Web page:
China further reduces tariff on Australian wines
5th January, 2017 by Natalie Wang
China has slashed the import tariff on Australian wines to 5.6%, as part of the two countries’ Free Trade Agreement that will eventually reduce wine tariffs to zero by 2019.
Upon the signing the FTA agreement on 20 December 2015, the tariffs on imported Australian wines was reduced to 11.2%, down from 14%, and on every 1 January over the following years, tariffs will see another deduction of 2.8% from previous year, based on the terms of the FTA agreement.
However, Australian wines as well as wines from other countries such as Chile and New Zealand that have signed FTAs with China, are still subject to 17% VAT and 10% excise tax.
The cut, however, is expected to give another boost to Australia’s growing presence in Chinese wine market, currently only tailing behind France. Its wine exports to China had overtaken the US last September, driven by increased demand for higher priced bottles, making China its most valuable export market, Wine Australia announced.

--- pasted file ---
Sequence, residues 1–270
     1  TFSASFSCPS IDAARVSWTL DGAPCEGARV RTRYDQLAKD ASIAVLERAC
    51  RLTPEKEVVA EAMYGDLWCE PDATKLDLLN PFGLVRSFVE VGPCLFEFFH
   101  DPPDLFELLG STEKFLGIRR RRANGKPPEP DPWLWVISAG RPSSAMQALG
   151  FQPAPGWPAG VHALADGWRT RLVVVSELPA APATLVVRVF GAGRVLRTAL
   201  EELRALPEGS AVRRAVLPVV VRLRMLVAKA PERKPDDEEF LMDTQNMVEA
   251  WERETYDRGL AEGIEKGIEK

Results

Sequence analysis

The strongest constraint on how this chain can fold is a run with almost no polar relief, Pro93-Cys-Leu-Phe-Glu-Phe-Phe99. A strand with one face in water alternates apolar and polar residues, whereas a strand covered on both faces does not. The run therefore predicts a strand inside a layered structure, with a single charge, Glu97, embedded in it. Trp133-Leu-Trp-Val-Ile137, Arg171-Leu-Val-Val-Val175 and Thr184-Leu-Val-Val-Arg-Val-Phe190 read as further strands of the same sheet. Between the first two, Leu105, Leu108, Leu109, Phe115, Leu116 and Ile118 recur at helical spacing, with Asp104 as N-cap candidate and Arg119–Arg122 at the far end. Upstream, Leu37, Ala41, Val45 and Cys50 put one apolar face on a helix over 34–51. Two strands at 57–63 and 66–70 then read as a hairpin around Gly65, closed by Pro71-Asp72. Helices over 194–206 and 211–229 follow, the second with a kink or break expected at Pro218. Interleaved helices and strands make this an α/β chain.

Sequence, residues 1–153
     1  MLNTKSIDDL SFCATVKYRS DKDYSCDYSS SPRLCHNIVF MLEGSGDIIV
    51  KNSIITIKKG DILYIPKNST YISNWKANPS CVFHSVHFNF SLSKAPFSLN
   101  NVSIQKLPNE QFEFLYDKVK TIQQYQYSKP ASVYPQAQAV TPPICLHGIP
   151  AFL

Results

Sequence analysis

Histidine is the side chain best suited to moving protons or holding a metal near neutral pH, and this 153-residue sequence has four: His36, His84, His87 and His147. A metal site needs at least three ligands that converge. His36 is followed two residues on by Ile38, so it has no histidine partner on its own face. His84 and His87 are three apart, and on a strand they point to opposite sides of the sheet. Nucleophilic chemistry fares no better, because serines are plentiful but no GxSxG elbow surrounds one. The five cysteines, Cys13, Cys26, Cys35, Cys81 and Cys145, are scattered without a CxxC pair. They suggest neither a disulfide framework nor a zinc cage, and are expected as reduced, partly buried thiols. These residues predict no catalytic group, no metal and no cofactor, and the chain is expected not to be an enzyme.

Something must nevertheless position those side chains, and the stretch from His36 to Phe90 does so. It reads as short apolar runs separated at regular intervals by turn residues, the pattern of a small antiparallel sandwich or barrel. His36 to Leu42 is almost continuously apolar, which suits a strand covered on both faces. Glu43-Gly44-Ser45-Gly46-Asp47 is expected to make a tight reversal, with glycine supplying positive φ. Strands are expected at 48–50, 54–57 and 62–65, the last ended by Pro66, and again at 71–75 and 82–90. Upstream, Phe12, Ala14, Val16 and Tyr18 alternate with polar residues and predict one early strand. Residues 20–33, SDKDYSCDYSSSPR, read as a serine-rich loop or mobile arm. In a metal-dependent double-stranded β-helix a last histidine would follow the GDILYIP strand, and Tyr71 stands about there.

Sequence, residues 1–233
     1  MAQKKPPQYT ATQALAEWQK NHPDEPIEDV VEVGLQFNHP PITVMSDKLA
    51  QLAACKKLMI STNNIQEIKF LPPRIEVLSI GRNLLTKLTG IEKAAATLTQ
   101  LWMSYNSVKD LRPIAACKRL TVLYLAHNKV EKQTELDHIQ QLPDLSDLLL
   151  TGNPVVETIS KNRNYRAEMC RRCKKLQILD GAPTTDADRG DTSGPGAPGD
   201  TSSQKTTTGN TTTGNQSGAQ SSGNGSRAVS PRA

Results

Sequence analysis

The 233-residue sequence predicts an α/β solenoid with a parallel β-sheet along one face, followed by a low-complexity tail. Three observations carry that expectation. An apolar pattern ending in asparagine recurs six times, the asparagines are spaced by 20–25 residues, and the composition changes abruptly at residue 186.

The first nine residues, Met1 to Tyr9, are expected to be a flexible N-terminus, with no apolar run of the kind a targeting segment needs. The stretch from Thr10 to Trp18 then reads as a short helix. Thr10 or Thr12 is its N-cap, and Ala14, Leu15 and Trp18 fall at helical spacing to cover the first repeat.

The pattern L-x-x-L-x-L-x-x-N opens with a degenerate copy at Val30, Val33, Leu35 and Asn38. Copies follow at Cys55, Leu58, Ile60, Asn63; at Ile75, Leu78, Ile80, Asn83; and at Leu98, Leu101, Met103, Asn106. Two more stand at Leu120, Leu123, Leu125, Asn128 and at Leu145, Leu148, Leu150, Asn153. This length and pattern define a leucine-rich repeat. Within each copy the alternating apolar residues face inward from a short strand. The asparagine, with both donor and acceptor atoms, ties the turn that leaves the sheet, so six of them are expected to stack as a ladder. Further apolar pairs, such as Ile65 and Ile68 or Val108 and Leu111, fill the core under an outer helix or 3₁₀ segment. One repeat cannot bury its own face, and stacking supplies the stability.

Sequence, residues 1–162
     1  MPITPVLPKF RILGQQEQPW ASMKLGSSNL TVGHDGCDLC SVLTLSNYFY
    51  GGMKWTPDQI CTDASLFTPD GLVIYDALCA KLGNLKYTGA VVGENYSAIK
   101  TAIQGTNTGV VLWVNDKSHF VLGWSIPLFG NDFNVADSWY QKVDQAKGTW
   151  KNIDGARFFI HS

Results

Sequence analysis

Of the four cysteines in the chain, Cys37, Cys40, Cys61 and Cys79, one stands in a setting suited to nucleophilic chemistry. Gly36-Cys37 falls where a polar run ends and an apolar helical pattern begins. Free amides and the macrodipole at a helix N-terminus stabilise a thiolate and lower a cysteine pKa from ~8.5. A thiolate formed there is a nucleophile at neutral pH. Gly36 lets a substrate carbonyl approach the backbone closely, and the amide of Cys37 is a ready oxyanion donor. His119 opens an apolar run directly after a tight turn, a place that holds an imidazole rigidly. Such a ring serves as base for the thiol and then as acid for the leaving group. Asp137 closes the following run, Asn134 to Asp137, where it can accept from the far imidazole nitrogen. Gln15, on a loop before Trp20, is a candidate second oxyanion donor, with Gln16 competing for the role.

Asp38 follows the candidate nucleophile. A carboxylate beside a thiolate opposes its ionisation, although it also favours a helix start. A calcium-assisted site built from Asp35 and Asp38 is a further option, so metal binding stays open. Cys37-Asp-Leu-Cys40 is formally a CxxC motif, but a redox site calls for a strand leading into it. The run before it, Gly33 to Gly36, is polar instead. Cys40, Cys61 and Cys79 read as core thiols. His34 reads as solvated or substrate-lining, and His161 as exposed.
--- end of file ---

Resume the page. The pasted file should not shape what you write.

Timetable for tariff reduction on wine (source: Australia’s Department of Foreign Affairs and Trade)
From January to November last year, imports of Australian wines grew by 23.9% to US$481 million compared with the same period in 2015, accounting for 24% of China’s total market share, behind 44% of France, according to figures released by China Association for Imports and Export of Wine & Spirits.
Chile and New Zealand both enjoy zero tariff on wines thanks to the FTA and, in the second half of this year, China will scrap tariff on Georgian wines as well.